Thursday, February 2, 2006
Roger Stern argues in an open access article published January 31, 2006 in Proceedings of the National Academy of Science that oil is abundant, but for the monopoly power of OPEC, and that fear of the "Oil Weapon" has led us to a counterproductive policy of appeasement of OPEC and Arab States -- heightening tensions in the region and funding terrorism:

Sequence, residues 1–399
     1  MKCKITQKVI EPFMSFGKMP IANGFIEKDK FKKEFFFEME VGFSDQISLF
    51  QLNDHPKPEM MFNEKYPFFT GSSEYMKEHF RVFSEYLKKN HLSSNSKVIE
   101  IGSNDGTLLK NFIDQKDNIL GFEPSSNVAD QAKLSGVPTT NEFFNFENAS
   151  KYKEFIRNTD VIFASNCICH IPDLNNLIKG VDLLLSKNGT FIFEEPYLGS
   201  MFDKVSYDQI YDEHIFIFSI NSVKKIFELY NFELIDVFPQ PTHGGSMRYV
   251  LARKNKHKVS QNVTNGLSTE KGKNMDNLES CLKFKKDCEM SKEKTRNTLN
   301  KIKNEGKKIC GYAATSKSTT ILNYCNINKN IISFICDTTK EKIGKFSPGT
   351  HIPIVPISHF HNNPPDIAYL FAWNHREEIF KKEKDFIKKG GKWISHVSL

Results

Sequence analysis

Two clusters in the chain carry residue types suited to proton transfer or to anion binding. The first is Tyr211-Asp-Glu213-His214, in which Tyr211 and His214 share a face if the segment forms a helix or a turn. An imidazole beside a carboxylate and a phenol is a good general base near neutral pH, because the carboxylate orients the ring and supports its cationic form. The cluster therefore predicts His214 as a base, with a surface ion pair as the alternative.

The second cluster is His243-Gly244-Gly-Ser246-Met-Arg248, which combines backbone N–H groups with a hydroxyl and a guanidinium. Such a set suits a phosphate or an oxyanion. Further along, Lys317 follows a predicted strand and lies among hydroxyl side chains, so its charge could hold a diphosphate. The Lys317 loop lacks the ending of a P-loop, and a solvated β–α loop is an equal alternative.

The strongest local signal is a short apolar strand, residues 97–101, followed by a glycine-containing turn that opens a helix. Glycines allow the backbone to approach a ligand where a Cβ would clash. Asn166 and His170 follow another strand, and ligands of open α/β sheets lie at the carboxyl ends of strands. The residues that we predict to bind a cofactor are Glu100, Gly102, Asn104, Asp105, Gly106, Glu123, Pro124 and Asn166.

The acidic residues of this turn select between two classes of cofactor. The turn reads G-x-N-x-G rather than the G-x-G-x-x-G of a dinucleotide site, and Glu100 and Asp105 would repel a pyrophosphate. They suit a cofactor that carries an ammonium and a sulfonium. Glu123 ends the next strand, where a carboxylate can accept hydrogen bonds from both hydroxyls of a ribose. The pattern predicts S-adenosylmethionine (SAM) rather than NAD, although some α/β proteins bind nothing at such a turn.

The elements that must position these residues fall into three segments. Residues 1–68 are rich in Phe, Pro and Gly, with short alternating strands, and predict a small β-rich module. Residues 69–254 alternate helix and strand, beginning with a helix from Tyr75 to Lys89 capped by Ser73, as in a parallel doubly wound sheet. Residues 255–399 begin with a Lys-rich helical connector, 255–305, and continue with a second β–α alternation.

oil market power, not oil per se, creates instability in the Persian Gulf. More simply, each firmstate's monopoly proceeds are a potential war prize to another. This intrinsic threat latent in monopoly price remains obscure to U.S. policymakers but is clear enough to Gulf states themselves. Their rents at risk of capture both allow and compel them to sustain some of the world's highest military spending per capita. Iran's nuclear weapons program and Iraq's assembly of the world's fourth-largest armed forces in 1990 exemplify this association of hypermilitarization and market power.